When he went back to work in Beverly Hills, Jack Patrick brought in 3 drawings he made during the weekend.  The drawings were ideas of what the Cadillac conversions could look like.
     My dad was impressed with the drawings and decided to start the company.
     He started "Traditional Coachworks" in Chatsworth, California while doing business with Wilshire Cadillac.
     The very first conversion was a Cadillac truck that Evel Knievel bought.  Mr. Knievel liked the truck and ordered a white one with extra chrome that was used in his movie. 

Hope you enjoy,

Michael Kribbs

Thank you Michael, and thank you  James Kribbs for your contribution to this world.  Legendary, no doubt

James was born on November 8, 1931 and passed away on Monday, October 18, 2010.

Year: 1976
CADILLAC (Mirage Sports Wagon and Castilian Fleetwood Estate Wagon), "Traditional Coach Works, Ltd.: Conversions Complementary to Cadillac Standards": 6 page color folder, 4x9. Cover is photograph showing three-quarter frontal view of brown Cadillac Fleetwood Castilian Station Wagon conversion by Traditional Coachworks, Ltd., with country club style building in background. Folder opens to 11x9 layout with six photographs showing exterior and interior of Mirage Sports Wagon and Castilian Fleetwood Estate Wagon, with discussion. Reverse side has two additional full page photographs showing three-quarter rear views of models. Price: $15.

Traditional Coach Works

By Rob Einaudi


The good folks at Motorbooks have started sending us books to review. We just got their recent title The Legendary Custom Cars and Hot Rods of Gene Winfield, which is super cool (expect a full review later when I get my act together). But the pics of an old brochure for Traditional Couch Works in the introduction really caught my eye. I've seen a few of these Cadillac conversions over the years but didn't know the story behind them. Turns out that author David Grant first came to know the legendary Gene Winfield in the early 70s, and while he was in high school Winfield got him a job working with him at Traditional Coach Works in Chattsworth, California, where they did all sorts of wild conversions on Cadillac’s. Gene took the young David under his wing and taught him how to shave emblems, shape metal, hammer-weld and metal finish. Sounds like a pretty cool guy. I drove a '77 Coupe DeVille for most of my high school years, and love the idea of a Caddy "Sports Wagon" or "Estate Wagon." Apparently Evil Knievel purchased their first "Mirage" Sports Wagon, which can be seen in the movie Viva Knievel! One more pic of the brochure after the jump.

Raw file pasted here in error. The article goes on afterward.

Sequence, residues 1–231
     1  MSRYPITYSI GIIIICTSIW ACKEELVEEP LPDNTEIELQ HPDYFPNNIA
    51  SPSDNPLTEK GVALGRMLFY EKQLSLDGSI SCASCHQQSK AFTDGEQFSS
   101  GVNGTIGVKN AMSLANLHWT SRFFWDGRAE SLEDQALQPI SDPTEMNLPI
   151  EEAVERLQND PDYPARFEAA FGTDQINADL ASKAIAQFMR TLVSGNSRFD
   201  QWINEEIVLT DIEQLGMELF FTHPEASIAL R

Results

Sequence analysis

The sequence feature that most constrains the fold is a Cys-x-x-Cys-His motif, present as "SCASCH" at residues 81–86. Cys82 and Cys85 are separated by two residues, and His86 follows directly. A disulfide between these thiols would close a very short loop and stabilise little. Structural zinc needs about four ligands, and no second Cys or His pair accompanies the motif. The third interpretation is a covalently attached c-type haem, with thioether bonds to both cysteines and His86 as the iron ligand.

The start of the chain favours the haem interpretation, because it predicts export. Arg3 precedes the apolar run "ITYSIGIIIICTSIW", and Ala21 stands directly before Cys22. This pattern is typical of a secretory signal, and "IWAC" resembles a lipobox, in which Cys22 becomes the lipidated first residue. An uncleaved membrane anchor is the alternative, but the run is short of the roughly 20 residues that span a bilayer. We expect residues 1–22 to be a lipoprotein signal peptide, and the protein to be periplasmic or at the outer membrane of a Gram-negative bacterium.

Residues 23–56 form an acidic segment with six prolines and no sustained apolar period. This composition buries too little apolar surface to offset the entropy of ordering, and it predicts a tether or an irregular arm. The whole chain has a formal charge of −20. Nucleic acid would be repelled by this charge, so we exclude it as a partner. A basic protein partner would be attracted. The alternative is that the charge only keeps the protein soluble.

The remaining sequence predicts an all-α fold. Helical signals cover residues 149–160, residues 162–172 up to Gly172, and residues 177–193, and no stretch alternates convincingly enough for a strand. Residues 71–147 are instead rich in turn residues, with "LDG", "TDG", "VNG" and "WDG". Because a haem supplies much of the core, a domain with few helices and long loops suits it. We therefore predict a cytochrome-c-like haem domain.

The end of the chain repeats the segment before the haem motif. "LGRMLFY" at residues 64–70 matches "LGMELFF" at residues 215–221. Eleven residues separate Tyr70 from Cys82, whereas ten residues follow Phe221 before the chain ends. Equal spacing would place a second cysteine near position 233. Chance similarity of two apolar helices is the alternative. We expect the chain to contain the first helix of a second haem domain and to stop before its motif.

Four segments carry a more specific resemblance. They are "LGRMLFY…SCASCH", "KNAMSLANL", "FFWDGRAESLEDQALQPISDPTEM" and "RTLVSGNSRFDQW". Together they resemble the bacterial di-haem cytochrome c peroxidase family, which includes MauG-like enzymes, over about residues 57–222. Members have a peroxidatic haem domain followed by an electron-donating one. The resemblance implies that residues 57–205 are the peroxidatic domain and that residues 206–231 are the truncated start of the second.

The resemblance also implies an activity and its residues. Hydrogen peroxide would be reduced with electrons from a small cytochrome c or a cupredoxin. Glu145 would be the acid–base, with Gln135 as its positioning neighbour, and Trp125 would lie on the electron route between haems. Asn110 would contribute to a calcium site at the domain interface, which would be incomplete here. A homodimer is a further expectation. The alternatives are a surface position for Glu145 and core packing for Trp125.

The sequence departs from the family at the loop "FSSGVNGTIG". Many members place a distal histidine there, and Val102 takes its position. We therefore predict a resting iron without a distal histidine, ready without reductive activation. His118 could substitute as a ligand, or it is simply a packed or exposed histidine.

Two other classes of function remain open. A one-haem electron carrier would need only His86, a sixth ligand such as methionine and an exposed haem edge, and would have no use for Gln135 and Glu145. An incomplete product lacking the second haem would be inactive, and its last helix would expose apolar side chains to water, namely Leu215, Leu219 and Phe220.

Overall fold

Product Description

for the book

 The Legendary Custom Cars and Hot Rods of Gene Winfield,

Of all the pioneering custom-car builders to come to prominence in the 1950s scene—Harry Westergard, George Barris, and Dean Jeffries, among others—one of the most prolific was a young man from Modesto, California, named Gene Winfield. Cutting his teeth in California’s hopping postwar hot rod scene, Winfield eventually gravitated to the media of custom cars, becoming one of its preeminent purveyors.
For the first time, Winfield’s career is examined in this volume fully illustrated with photography from Gene’s personal archive. Written by longtime Winfield protégé David Grant, The Custom Cars and Hot Rods of Gene Winfield is culled from hours of interviews with Winfield and recounts everything from his early days in Modesto and his emersion in California car culture, to his role in forming the Century Toppers car club, his involvement in dry lakes racing, the formation of Winfield’s Custom Shop in 1955, and the impressive string of vehicles that followed. Cars featured include the 1946 Ford convertible that graced the second issue of Rod & Custom, the 1950 Solar Scene Mercury, and the Ford King T that won
the 1963 AMBR award, among dozens of others. Grant also delves into Winfield’s involvement with AMT, movie and TV vehicles for such projects as The Man from U.N.C.L.E. and Get Smart.